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I want a container with two columns. Details:

The container

  • Width should adjust to 100% of its parent element (easily accomplished).
  • Height must adjust to contain both columns (i.e. its height should be exactly equal to the larger height of the two columns, so there is no overflow and scrollbars never show)
  • Should have a minimum size equal to double the width of the left column.

The columns in general

  • Should be of variable height, adjusting to the height of their content.
  • Should be side-by-side, such that their top edges are in line.
  • Should not break the layout or wrap under each other if even a single pixel of border, padding, or margin is applied to either one, because that would be extremely unstable and unfortunate.

The left column specifically

  • Must have a fixed, absolute width in pixel units.

The right column specifically

  • Width must fill the remaining space in the container. In other words...
  • Width must equal the container width minus the width of the left column, such that if I place a DIV block element inside this column, set its width to 100%, give it a height of something like 10px, and give it a background color, I will see a 10px high colored strip that goes from the right edge of the left column to the right edge of the container (i.e. it fills the right column's width).

Required stability

The container should be able to resize (by resizing the browser window) down to its minimum width (specified earlier) or to a much larger width without breaking the layout. "Breaking" would include the left column changing size at all (remember it's supposed to have a fixed pixel width), the right column wrapping under the left one, scrollbars appearing, block elements in the right column failing to take up the entire column width, and in general any of the aforementioned specifications failing to remain true.

Background

If floating elements are used, there should be no chance that the right column will wrap under the left one, that the container will fail to contain both columns (by clipping any part of the column or allowing any part of the columns to overflow its boundary), or that scrollbars will appear (so I'd be weary of suggesting the use of anything other than overflow:hidden to trigger floating-element containment). Applying borders to the columns should not break the layout. The content of the columns, especially of the right column, should not break the layout.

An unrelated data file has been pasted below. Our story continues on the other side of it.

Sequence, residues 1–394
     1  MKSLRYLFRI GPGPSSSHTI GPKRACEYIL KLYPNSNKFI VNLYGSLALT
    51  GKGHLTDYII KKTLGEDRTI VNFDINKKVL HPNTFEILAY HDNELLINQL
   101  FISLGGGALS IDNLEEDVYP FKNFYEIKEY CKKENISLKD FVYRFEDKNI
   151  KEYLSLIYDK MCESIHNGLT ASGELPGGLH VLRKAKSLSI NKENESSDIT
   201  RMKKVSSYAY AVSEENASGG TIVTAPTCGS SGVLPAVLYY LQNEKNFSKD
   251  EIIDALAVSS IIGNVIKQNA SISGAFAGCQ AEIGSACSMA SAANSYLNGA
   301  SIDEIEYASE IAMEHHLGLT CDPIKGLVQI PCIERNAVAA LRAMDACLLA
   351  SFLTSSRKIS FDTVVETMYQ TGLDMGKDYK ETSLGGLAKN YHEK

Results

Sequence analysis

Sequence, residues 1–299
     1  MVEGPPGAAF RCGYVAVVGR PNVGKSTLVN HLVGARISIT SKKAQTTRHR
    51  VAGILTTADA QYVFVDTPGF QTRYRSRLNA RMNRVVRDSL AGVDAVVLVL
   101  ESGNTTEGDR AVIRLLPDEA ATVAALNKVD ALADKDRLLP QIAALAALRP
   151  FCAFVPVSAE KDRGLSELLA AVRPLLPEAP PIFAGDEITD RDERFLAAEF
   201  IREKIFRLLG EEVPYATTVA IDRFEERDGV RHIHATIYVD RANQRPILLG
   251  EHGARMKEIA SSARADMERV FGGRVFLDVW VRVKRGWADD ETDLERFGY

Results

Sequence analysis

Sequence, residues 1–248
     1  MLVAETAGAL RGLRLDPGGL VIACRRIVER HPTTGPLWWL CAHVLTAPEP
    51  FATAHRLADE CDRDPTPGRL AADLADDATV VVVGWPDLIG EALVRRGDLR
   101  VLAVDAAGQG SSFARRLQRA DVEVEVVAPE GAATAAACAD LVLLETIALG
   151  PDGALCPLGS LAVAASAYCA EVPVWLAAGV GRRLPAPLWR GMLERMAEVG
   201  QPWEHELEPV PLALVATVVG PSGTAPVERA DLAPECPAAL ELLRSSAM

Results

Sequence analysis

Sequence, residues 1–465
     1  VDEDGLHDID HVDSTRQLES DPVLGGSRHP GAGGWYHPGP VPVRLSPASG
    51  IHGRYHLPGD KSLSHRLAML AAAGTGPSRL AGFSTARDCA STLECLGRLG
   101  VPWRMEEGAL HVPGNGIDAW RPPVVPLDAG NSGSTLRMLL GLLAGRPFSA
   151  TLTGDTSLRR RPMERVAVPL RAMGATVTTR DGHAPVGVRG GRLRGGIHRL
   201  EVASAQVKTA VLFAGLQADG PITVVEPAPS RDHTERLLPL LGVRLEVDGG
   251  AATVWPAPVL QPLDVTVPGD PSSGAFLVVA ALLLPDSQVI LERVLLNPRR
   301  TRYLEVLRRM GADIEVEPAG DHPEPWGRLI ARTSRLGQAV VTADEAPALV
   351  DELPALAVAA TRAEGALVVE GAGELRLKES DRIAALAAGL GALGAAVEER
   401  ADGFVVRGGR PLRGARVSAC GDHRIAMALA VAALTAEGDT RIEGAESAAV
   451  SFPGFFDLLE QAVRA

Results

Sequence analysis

There seems to be a simple table-based solution to this, but under every circumstance it fails miserably. For example, in Safari, my fixed-width left column will shrink if the container gets too small, rather than maintaining the width I specified. It also seems to be the case that CSS width, when applied to a TD element refers to a minimum width, such that if something larger is placed inside it, it will expand. I've tried using table-layout:fixed; doesn't help. I've also seen the case where the TD element representing the right column will not expand to fill the remaining area, or it will appear to (for example a third column 1px wide will be pushed all the way to the right side), but putting a border around the right column will show that it's only as wide as its inline content, and block-level elements with their width set to 100% do not fill the width of the column, but rather match the width of the inline-content (i.e. the width of the TD seems to be completely dependent on the content).

One potential solution I have seen is too complex; I couldn't care less about IE6, as long as it works in IE8, Firefox 4, and Safari 5.

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3 Answers 3

up vote 22 down vote accepted

Here you go:

<html>
<head>
  <title>Cols </title>
  <style>
    #left
    {
      width: 200px;
      float: left;
    }

    #right
    {
      margin-left: 200px; /* Change this to whatever the width of your left column is*/
    }

    .clear
    {
      clear: both;
    }
  </style>
</head>
<body>
  <div id="container">
    <div id="left">
      Hello
    </div>
    <div id="right">
      <div style="background-color: red; height: 10px;">Hello</div>
    </div>
    <div class="clear"></div>
  </div>
</body>
</html>